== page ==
The Spyware that alarmed the world: Unraveling the Pegasus scandal

The right to maintain privacy and own your data is one of today’s most urgent topics among legislators. Mark Zuckerberg could sure tell you about some uncomfortable Senate hearings. However, the recent Pegasus scandal reiterates what everyone from cynics to Edward Snowden said: our privacy rights are in danger.

What’s Pegasus?

Spyware by NSO Group, an Israeli technology company. Around 40 governments allegedly use it worldwide to spy on criminals, pedophiles, and terrorists. NSO’s founder, Shalev Hulio, claims that their tools have prevented more than 15 terror attacks, sent more than 100 pedophiles across Europe to jail, and uncovered numerous masterminds behind cyber attacks. 

Once Pegasus infiltrates someone’s phone, it has full access to all data, including messages, e-mails, and photos. It can also take screenshots and record sounds. While its purpose is to fight crime and terrorism, the investigation suggests that’s not always the case. It looks like authoritarian regimes routinely invade the privacy of anyone they deem inconvenient. Be it human rights activists, journalists, or politicians. The rumored targets include the French president Emmanuel Macron, the South African president Cyril Ramaphosa, and the Pakistani prime minister Imran Khan.

The first doubts

The reports about spyware misuse are nothing new. In August 2016, human rights activist Ahmed Mansoor received a text message that included a link promising unveiling secrets about torture in UAE prisons. However, Mansoor had the link investigated and had he clicked it, his phone would have been compromised. Since then, Pegasus has appeared in the news here and there.

Past investigations found the connection to NSO software on numerous occasions. It seems to have been used to spy on people close to Jamal Khashoggi, among others. The Saudi Arabian journalist and dissident was assassinated, while his murder is linked to the Saudi Royal family. Pegasus may have also been the tool of choice for the Spanish government spying on the politicians in the Catalan independence movement. 

Why so much outrage now? 

This time, French media nonprofit Forbidden Stories teamed up with Amnesty International, seventeen media outlets, and 80 journalists for a “Pegasus Project”. The massive investigation launched after a leak of over 50.000 phone numbers – alleged targets of NSO clients – and lasted for months. NSO denies that the list represents (potential) targets.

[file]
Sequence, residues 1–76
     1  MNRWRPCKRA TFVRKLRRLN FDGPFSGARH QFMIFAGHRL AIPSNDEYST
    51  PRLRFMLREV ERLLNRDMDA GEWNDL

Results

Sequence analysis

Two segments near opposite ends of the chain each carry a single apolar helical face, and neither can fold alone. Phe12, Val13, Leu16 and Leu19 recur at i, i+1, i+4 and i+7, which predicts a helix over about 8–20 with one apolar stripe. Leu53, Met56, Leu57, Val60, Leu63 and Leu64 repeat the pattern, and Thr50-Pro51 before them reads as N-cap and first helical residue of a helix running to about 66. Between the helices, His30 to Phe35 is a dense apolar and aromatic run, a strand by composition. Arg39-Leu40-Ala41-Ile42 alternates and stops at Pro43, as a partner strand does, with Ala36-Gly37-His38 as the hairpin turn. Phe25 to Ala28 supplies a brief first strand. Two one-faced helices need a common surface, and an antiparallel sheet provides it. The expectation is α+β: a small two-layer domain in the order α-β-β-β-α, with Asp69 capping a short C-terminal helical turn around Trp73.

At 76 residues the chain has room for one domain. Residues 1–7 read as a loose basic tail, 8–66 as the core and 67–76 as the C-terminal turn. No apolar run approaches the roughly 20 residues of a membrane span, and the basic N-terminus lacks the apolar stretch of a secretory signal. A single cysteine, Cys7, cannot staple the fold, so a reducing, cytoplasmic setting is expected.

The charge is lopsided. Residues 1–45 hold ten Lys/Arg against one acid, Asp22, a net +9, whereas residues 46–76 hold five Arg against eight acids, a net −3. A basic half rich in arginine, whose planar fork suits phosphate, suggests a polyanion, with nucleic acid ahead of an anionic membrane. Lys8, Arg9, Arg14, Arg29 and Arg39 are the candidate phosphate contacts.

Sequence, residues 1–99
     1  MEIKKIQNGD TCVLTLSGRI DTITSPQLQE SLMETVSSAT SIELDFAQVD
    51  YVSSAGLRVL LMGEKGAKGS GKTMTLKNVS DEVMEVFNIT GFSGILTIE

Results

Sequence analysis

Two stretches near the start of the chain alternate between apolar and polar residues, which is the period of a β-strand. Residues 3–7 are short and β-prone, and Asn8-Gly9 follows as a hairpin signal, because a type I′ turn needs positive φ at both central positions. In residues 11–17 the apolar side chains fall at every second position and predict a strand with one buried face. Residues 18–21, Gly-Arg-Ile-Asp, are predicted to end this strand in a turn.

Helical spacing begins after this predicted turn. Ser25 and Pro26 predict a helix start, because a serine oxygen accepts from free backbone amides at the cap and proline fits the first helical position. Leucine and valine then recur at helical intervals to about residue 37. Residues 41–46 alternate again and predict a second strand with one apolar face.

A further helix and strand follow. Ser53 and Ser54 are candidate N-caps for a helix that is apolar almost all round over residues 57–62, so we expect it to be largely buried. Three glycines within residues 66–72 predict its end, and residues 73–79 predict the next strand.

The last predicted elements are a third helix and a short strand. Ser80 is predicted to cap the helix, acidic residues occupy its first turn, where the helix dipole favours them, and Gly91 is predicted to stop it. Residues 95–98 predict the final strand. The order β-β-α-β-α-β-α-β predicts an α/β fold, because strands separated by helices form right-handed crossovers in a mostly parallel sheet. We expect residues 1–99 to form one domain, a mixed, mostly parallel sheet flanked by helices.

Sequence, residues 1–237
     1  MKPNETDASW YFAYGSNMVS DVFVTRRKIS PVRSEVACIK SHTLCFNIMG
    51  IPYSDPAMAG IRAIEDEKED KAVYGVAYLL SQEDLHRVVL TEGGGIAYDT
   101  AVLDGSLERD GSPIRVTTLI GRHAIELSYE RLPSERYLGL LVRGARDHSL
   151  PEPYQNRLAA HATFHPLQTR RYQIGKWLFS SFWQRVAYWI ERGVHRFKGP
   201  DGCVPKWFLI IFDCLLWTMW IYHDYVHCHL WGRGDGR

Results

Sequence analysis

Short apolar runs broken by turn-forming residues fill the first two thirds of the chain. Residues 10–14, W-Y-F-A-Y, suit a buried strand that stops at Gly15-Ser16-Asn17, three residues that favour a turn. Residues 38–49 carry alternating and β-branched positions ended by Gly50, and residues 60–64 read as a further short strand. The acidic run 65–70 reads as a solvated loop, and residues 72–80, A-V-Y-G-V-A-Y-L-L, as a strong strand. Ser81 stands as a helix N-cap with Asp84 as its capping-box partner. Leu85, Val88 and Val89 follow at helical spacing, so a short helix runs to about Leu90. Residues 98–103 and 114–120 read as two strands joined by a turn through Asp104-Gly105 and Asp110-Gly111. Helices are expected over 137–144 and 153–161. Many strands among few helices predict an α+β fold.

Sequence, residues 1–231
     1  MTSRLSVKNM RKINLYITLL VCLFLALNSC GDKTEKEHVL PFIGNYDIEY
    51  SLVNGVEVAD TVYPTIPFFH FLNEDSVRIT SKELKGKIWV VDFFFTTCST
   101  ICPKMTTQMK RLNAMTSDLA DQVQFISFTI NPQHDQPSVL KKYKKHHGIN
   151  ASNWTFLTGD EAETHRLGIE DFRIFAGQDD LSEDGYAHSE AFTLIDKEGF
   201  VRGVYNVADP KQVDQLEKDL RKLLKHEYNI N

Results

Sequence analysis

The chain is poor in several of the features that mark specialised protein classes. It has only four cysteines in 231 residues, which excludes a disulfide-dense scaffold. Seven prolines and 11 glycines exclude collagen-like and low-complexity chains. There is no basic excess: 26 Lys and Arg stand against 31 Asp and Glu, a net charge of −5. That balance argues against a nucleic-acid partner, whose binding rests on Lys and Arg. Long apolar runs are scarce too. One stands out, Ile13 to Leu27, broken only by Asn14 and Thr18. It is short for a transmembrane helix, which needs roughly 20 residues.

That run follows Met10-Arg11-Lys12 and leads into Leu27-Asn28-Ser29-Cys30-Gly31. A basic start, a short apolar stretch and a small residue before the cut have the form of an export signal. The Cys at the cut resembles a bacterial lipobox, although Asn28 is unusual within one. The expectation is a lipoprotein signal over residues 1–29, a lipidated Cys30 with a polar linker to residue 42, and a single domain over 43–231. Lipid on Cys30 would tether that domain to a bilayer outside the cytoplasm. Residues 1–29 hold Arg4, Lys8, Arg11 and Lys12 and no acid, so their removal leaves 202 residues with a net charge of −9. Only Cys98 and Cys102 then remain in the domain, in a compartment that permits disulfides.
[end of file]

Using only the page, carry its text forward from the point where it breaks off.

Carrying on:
However, The Guardian reports that 37 out of 67 analyzed phones either contained traces of Pegasus or at least a sign of a break-in attempt. The news has prompted the French president Emmanuel Macron to change his phone, and the country is already investigating whether Morocco spied on several French journalists. 

“The Pegasus Project lays bare how NSO’s spyware is a weapon of choice for repressive governments seeking to silence journalists, attack activists, and crush dissent, placing countless lives in peril,” said Agnès Callamard, Secretary-General of Amnesty International. The investigation identified potential NSO clients in eleven countries including Bahrain, Hungary, India, Mexico, Saudi Arabia, Togo, and the UAE. 

“These revelations blow apart any claims by NSO that such attacks are rare and down to rogue use of their technology. While the company claims its spyware is only used for legitimate criminal and terror investigations, it’s clear its technology facilitates systemic abuse. They paint a picture of legitimacy while profiting from widespread human rights violations,” she added.

Despite these conclusions, NSO’s Hulio vehemently denies any involvement, claiming that they can’t control what governments do with their products. However, if any problematic behavior is revealed, the company can stop them. “We will shut them down. We have done it before and will continue to do so. . . . But we cannot be blamed on the misuse that the government did,” he said for Forbes

How does it work?

Over the years, it has become even easier for Pegasus to infiltrate any phone. All it takes is an unanswered WhatsApp phone call or an unopened iMessage exploiting vulnerabilities in the phone’s operating system. Nobody is safe when a phone can turn into a terrifyingly effective weapon of mass surveillance. The eavesdropping by tech giants who want to sell ads suddenly sounds innocent in comparison. 

“It’s a weapon,” says Snowden about Pegasus

Theoretically, spyware could attack anyone, not only influential people. In an interview about the Pegasus, the famous whistleblower Edward Snowden paints a dire picture of a heavily surveilled future. “If you don’t do anything to stop the sale of this technology, it’s not just going to be 50,000 targets. It’s going to be 50 million targets, and it’s going to happen much more quickly than any of us expect,” he said for The Guardian

Snowden sees a way out: not allowing companies to make a profit on tools like Pegasus. “There are certain industries, certain sectors, from which there is no protection, and that’s why we try to limit the proliferation of these technologies. We don’t allow a commercial market in nuclear weapons,” he concluded. 

Such brutal violation of privacy is indeed a weapon, threatening human rights and democracy as a system. The very people whose job is to uncover such crimes were the victims, which confirms what advanced democracies already know. Thriving journalism and activism is the basis of a democratic, transparent society. And if we don’t want to wake up in an Orwellian future, weapons like the Pegasus simply can’t end up in the wrong hands. 

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